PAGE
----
Pelosi vs. the ACLU on the Federal Hate Crime Bill
As I noted on Friday, House Speaker Nancy Pelosi (D-Calif.) claims the latest version of the federal hate crime bill, which the House passed last week and the Senate is expected to approve any day now, includes "protections for freedom of speech and association" that are "stronger" than the language in the version passed by the House last April. That's the reverse of the truth. Last spring's version said "evidence of expression or associations of the defendant may not be introduced as substantive evidence at trial, unless the evidence specifically relates to that offense." The American Civil Liberties Union cited this safeguard in reversing its longstanding opposition to the bill. By contrast, the current version (PDF) says "nothing in this [bill] shall be construed to allow prosecution based solely upon an individual's expression of racial, religious, political, or other beliefs or solely upon an individual's membership in a group advocating or espousing such beliefs" (emphasis added).
Since all the crimes covered by the bill are acts of violence that already are illegal under state law, this assurance amounts to nothing. No serious critic of the bill argues that it will punish people solely for the things they say or the groups they join. But it's hard to deny that it will mete out additional punishment based on such factors, which will be cited as evidence that victims were chosen "because of" their race, religion, national origin, gender, disability, sexual preference, or gender identity. Despite Pelosi's assurances, the bill clearly states that "courts may consider relevant evidence of speech, beliefs, or expressive conduct to the extent that such evidence is offered to prove an element of a charged offense or is otherwise admissible."
As I argue in tomorrow's column, this means that people will, in effect, be punished for their beliefs—i.e., be subject to harsher federal penalties (as well as double prosecution) because of the opinions they express about blacks, Jews, women, gays, etc. The bill's promise that nothing in it "shall be construed or applied in a manner that infringes on any rights under the first amendment" does not change this basic reality. As interpreted by the U.S. Supreme Court, the First Amendment does not prohibit laws that enhance penalties for existing offenses based on expressive conduct presented as evidence of bigotry, as opposed to laws that criminalize expressive conduct itself.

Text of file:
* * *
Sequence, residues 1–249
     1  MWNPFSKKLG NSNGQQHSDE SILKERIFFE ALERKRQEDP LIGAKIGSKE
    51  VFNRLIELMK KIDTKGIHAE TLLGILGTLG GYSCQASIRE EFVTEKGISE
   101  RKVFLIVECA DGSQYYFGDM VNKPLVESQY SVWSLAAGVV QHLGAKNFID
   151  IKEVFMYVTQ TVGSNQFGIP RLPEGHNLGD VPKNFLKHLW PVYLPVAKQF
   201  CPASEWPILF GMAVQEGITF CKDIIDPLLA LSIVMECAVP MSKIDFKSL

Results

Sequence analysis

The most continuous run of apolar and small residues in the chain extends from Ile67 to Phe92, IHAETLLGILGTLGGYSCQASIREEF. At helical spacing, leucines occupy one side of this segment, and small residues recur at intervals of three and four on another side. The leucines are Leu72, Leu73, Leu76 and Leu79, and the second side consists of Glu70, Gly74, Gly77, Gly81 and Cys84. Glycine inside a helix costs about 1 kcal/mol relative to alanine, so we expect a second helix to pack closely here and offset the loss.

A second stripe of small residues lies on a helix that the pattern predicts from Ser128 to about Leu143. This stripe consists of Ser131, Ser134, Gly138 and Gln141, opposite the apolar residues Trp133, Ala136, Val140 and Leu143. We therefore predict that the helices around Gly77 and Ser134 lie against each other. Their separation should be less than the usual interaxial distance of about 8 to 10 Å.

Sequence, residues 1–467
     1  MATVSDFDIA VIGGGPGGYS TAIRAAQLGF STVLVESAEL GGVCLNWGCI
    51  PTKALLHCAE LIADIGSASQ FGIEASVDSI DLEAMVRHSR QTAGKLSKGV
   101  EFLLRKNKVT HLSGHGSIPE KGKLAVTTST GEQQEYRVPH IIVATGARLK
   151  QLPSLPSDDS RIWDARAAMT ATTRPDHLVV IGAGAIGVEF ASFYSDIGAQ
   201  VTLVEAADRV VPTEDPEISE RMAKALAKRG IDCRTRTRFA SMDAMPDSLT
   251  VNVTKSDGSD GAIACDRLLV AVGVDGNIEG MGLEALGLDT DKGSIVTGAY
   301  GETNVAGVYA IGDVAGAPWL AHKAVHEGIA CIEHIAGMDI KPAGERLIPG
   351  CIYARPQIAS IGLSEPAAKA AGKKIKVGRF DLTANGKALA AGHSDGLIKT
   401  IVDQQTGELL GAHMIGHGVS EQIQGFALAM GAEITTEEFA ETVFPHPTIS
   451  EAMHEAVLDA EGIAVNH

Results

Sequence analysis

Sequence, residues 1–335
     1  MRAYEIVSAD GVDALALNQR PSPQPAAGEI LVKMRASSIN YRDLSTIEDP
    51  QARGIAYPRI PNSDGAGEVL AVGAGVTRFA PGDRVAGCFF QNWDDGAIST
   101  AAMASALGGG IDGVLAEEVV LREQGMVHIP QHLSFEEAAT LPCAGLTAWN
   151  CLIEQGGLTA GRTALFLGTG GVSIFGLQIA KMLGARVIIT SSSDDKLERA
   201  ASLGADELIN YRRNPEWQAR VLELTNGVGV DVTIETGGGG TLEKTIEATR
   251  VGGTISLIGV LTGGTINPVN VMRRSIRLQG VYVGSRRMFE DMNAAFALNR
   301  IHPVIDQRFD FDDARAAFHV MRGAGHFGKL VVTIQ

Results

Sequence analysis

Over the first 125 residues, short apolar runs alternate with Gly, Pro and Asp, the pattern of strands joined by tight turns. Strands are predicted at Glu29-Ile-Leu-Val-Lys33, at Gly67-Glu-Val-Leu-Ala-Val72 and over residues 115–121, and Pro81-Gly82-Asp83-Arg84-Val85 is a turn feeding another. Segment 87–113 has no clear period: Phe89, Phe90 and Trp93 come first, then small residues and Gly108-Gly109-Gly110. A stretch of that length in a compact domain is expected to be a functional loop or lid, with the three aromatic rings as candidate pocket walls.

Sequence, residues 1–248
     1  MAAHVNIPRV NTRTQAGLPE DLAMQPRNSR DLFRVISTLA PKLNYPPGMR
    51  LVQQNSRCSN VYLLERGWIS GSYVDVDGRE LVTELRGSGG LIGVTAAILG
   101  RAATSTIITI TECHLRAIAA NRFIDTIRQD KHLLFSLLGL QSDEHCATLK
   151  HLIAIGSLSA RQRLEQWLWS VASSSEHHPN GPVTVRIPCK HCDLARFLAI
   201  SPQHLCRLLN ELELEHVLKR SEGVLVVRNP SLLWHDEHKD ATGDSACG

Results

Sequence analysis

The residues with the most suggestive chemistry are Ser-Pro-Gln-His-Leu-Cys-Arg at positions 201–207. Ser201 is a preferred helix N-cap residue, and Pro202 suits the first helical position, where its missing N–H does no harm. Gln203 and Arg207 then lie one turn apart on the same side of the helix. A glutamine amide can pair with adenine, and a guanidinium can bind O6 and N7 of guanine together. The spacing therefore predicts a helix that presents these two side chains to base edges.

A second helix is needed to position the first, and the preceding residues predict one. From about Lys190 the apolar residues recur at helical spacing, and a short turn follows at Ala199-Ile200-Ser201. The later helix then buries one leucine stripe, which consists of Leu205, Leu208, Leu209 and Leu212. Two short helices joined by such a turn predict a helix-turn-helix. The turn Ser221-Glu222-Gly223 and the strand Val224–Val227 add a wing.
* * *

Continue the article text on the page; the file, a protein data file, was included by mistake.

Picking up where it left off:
In a July 14 letter (PDF) to the Senate, the ACLU objected to the weakening (or, as Pelosi would have it, the strengthening) of the bill's freedom-protecting language. Among other things, it warned that "if there is no specific prohibition on the admissibility of speech or membership evidence that is not specifically related to the offense, there is a significant danger that membership in a group—religious or nonreligious—that espouses discriminatory beliefs could be used to turn an otherwise unremarkable act of violence into a federal hate crime." The ACLU's position is that a defendant's speech should be considered relevant only if the government shows that it is "directly related to the underlying crime and probative of the defendant's discriminatory intent."
But in the end, although Pelosi clearly misrepresented the direction in which the bill moved, I don't think the requirement favored by the ACLU would make much difference in practice. A prosecutor could easily (and plausibly) argue that a website where the defendant rails against homosexuality is "directly related" to the charge that he punched someone "because of" his sexual orientation. Likewise, a defendant's membership in a white supremacist group probably would be deemed "directly related" to the charge that his attack on a black man was racially motivated. If so, there's no avoiding the reality that such defendants are punished extra severely because of the objectionable beliefs they express.
The version of the hate crime bill passed by the House last April is here. The version passed last week is here (PDF); it's now part of the 1,158-page National Defense Authorization Act, so you have to skip down to "Division E" (page 1059). More on hate crime laws here.